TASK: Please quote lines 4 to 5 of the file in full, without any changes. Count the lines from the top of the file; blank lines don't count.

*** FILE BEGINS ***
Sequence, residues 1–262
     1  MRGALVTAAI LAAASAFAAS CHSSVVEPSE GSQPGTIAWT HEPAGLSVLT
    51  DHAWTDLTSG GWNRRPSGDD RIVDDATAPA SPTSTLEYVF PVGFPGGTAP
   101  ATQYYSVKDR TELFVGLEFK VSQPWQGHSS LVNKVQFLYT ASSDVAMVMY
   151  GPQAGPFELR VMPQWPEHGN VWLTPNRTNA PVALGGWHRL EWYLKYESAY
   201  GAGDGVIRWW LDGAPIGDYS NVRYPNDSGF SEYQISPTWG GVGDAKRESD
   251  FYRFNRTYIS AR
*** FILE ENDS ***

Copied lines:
   101  ATQYYSVKDR TELFVGLEFK VSQPWQGHSS LVNKVQFLYT ASSDVAMVMY
   151  GPQAGPFELR VMPQWPEHGN VWLTPNRTNA PVALGGWHRL EWYLKYESAY